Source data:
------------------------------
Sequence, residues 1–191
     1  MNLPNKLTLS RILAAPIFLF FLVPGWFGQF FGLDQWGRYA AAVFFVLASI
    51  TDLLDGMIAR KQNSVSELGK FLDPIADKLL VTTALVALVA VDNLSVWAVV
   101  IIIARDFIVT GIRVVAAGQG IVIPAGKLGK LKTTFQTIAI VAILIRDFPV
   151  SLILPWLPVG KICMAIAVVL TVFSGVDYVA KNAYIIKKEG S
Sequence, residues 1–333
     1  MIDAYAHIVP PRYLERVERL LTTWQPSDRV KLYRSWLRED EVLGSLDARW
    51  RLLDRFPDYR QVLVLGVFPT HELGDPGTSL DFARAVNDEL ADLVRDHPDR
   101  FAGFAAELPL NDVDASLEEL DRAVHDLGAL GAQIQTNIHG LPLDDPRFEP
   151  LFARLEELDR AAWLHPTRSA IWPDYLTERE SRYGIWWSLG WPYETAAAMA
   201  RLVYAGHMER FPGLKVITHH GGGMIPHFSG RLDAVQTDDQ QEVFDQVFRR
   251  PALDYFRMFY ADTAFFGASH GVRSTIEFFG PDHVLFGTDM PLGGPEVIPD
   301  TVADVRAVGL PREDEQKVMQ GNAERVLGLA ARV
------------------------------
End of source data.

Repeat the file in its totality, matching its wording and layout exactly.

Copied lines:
Sequence, residues 1–191
     1  MNLPNKLTLS RILAAPIFLF FLVPGWFGQF FGLDQWGRYA AAVFFVLASI
    51  TDLLDGMIAR KQNSVSELGK FLDPIADKLL VTTALVALVA VDNLSVWAVV
   101  IIIARDFIVT GIRVVAAGQG IVIPAGKLGK LKTTFQTIAI VAILIRDFPV
   151  SLILPWLPVG KICMAIAVVL TVFSGVDYVA KNAYIIKKEG S
Sequence, residues 1–333
     1  MIDAYAHIVP PRYLERVERL LTTWQPSDRV KLYRSWLRED EVLGSLDARW
    51  RLLDRFPDYR QVLVLGVFPT HELGDPGTSL DFARAVNDEL ADLVRDHPDR
   101  FAGFAAELPL NDVDASLEEL DRAVHDLGAL GAQIQTNIHG LPLDDPRFEP
   151  LFARLEELDR AAWLHPTRSA IWPDYLTERE SRYGIWWSLG WPYETAAAMA
   201  RLVYAGHMER FPGLKVITHH GGGMIPHFSG RLDAVQTDDQ QEVFDQVFRR
   251  PALDYFRMFY ADTAFFGASH GVRSTIEFFG PDHVLFGTDM PLGGPEVIPD
   301  TVADVRAVGL PREDEQKVMQ GNAERVLGLA ARV